An author has risked the wrath of thousands of Volkswagen Beetle fans by naming the popular car as the
"crappest" in Britain.
Richard Porter, author of Crap Cars, says of the iconic car: "It's slow, it's noisy and it's uncomfortable".
The Austin Allegro, Suzuki X90, Morris Marina and Lada Riva make up the rest of Mr Porter's "top five".
He said he knew putting the Beetle top was controversial, but the car was "a triumph of expectation over reality".
"In 1948 it was reasonably well built and reliable and sturdy and all those things people needed, which is fine - that was 1948," he told BBC News.
"I think the mangle was a good way to dry your clothes in 1948, but you wouldn't use one now."
TOP 5 'CRAP CARS'
1: Volkswagen Beetle
2: Austin Allegro
3: Suzuki X90
4: Morris Marina
5: Lada Riva
(Source: Richard Porter
author of Crap Cars)
But London and Thames Valley VW Club chairman Trevor Wilson said many people would jump to the car's defence.
"I suppose it's a bit funny, but a bit stupid - the Beetle was the biggest selling car ever," he told BBC News Online.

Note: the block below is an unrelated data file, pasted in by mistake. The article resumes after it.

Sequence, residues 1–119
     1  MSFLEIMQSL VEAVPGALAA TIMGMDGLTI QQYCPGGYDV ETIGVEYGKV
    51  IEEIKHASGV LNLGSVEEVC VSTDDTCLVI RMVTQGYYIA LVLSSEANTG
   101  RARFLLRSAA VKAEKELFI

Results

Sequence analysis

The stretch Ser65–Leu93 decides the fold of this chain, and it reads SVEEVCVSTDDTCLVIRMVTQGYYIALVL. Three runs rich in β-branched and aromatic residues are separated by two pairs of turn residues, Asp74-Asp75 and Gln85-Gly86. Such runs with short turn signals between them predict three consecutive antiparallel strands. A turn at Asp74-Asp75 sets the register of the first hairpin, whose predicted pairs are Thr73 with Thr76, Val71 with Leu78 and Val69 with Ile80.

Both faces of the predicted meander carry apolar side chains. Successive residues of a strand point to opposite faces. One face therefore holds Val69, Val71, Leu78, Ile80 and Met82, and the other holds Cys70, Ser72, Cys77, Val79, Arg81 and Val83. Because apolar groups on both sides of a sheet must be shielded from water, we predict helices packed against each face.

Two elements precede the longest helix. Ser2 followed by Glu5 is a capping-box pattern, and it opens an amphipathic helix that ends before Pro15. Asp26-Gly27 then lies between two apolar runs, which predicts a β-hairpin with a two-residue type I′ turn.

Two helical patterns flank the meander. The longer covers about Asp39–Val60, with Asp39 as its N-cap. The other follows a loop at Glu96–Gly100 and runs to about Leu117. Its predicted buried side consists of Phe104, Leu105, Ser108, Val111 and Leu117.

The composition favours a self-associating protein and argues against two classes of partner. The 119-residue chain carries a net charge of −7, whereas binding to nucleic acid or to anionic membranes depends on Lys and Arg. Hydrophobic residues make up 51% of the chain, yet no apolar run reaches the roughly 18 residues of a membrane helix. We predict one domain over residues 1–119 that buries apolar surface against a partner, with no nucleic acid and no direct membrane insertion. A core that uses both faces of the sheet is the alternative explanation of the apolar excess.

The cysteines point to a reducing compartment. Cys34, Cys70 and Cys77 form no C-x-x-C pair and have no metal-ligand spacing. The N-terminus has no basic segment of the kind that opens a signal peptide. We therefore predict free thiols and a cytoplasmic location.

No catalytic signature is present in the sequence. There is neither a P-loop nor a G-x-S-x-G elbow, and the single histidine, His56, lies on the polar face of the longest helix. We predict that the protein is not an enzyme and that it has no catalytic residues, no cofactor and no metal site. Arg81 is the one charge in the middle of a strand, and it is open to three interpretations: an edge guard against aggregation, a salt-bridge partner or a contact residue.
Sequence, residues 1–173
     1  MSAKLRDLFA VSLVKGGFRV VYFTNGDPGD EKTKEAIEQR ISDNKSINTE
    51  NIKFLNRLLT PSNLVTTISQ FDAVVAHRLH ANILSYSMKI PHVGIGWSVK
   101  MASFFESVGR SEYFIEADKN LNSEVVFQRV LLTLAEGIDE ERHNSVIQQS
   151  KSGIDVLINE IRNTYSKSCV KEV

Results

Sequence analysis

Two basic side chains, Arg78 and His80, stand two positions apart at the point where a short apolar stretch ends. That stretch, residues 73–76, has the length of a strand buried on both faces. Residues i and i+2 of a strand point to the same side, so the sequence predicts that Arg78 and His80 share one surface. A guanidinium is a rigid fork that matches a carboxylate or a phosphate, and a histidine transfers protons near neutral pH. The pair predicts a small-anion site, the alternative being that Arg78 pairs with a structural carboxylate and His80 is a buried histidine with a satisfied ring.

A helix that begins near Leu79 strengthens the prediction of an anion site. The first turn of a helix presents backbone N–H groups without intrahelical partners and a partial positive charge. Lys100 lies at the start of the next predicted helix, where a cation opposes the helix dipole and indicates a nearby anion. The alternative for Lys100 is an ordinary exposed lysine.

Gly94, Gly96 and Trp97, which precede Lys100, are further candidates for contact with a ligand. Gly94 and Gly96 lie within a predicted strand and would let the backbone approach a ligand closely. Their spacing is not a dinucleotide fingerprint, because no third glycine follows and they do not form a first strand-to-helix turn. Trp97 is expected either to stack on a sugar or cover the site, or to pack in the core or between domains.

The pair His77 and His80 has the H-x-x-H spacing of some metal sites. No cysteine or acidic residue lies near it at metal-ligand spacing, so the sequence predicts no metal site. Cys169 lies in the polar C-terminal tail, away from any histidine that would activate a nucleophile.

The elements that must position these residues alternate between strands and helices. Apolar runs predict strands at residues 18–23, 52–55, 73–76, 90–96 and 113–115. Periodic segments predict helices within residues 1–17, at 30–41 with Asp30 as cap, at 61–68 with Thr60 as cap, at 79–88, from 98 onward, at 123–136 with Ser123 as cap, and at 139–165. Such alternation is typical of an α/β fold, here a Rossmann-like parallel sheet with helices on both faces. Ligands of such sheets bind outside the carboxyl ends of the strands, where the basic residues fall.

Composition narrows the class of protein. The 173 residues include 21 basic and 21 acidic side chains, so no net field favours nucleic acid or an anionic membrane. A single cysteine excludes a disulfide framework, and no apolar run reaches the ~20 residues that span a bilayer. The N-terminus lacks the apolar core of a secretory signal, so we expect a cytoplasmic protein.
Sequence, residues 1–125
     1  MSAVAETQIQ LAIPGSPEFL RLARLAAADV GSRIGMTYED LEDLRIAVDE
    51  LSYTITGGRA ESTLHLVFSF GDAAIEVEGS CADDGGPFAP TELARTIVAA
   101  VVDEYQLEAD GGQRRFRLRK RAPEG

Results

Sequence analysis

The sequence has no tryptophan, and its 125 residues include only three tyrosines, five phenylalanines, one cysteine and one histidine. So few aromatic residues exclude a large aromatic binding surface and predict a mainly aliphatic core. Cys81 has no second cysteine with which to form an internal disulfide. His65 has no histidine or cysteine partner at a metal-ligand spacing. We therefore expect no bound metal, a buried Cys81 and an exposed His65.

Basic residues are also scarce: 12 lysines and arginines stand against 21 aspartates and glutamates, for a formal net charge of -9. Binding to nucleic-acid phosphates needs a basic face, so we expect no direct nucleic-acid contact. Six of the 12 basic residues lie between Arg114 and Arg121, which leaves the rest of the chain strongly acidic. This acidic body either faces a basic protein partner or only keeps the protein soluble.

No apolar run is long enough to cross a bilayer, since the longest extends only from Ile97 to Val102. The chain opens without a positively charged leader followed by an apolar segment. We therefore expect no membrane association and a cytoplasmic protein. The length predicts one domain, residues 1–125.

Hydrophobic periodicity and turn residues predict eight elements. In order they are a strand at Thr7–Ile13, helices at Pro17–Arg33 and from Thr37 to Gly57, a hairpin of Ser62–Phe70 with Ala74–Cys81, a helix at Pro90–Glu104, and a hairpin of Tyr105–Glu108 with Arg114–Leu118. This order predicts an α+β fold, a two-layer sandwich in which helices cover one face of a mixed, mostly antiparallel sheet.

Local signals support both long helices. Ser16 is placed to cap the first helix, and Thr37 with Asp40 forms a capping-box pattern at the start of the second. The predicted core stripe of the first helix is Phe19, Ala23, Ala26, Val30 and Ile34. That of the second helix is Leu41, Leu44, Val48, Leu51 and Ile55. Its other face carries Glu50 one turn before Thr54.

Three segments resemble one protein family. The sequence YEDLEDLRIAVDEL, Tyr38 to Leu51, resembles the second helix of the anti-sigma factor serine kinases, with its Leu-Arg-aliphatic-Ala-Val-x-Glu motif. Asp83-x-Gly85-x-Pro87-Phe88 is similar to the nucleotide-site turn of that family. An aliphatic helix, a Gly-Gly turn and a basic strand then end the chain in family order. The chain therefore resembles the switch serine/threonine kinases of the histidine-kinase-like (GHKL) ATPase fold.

Mr Wilson, 37, the proud owner of a 1977 Beetle cabriolet, said he liked the car's design, the way panels were bolted on rather than welded to make them easier to replace.
"They were built to last and built to be easily maintained - that's a good design" he said.
Also on the list are Bond Bugs, produced in the 1970s (pic courtesy www.bondownersclub.co.uk)
"It's individual - you can make the car your own, certainly if you are going to restore it you can do what you want. Modern cars are quite boring to look at and to drive."
Publisher BBC Books describes Crap Cars as "a celebration of the shoddy, the inept and the downright ugly".
Other cars it lambasts include the Trabant: "Had an engine so lame even the people who made electric carving knives deemed it feeble" and another motoring icon - the MGB - described as "spectacularly rubbish".
Mr Porter, a script editor for the BBC's Top Gear programme, said he had only included cars that could be bought in the UK.
"I showed the book to a couple of friends the other day and the first thing they do is go: 'Oh, my dad had one of those, my uncle had one - they were awful', so it's a sense of nostalgia."